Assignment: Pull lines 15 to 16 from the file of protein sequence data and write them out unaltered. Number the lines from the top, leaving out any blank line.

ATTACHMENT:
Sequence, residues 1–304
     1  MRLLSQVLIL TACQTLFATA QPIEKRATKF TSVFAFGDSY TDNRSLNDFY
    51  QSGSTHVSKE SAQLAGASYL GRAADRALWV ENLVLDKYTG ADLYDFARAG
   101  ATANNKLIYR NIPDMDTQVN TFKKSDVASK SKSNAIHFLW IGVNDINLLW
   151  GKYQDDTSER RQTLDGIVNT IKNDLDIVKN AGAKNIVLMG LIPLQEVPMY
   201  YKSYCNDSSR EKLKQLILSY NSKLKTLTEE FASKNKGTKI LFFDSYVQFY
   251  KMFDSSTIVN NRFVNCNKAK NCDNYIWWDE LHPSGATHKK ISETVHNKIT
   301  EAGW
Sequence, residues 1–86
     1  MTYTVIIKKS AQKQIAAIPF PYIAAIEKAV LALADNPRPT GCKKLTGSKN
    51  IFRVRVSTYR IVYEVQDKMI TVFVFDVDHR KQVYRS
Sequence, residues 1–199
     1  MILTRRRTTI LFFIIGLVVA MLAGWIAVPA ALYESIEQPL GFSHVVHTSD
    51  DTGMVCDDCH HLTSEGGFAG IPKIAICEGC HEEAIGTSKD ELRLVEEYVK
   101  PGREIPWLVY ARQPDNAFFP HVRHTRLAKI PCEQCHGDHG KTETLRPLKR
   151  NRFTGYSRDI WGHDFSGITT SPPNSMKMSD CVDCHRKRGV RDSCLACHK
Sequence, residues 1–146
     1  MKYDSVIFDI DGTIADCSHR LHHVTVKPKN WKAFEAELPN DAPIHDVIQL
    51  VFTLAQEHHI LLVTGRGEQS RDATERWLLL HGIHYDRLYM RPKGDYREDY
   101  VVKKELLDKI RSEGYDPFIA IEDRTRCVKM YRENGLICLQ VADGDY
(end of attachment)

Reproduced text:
   101  PGREIPWLVY ARQPDNAFFP HVRHTRLAKI PCEQCHGDHG KTETLRPLKR
   151  NRFTGYSRDI WGHDFSGITT SPPNSMKMSD CVDCHRKRGV RDSCLACHK